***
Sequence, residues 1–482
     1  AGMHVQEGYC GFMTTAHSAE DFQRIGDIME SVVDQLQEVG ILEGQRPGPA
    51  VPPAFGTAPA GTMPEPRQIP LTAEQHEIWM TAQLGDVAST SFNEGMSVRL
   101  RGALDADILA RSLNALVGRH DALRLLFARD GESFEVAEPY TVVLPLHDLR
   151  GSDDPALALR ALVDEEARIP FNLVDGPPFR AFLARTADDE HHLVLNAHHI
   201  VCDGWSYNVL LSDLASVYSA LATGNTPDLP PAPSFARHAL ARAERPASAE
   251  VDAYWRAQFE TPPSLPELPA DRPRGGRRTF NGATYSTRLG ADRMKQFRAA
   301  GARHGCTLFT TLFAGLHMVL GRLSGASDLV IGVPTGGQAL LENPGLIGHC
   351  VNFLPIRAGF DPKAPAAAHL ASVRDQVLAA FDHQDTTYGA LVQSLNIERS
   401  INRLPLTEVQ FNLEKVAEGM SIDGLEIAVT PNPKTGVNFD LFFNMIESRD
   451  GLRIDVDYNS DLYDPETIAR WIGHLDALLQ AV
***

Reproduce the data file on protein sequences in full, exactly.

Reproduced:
Sequence, residues 1–482
     1  AGMHVQEGYC GFMTTAHSAE DFQRIGDIME SVVDQLQEVG ILEGQRPGPA
    51  VPPAFGTAPA GTMPEPRQIP LTAEQHEIWM TAQLGDVAST SFNEGMSVRL
   101  RGALDADILA RSLNALVGRH DALRLLFARD GESFEVAEPY TVVLPLHDLR
   151  GSDDPALALR ALVDEEARIP FNLVDGPPFR AFLARTADDE HHLVLNAHHI
   201  VCDGWSYNVL LSDLASVYSA LATGNTPDLP PAPSFARHAL ARAERPASAE
   251  VDAYWRAQFE TPPSLPELPA DRPRGGRRTF NGATYSTRLG ADRMKQFRAA
   301  GARHGCTLFT TLFAGLHMVL GRLSGASDLV IGVPTGGQAL LENPGLIGHC
   351  VNFLPIRAGF DPKAPAAAHL ASVRDQVLAA FDHQDTTYGA LVQSLNIERS
   401  INRLPLTEVQ FNLEKVAEGM SIDGLEIAVT PNPKTGVNFD LFFNMIESRD
   451  GLRIDVDYNS DLYDPETIAR WIGHLDALLQ AV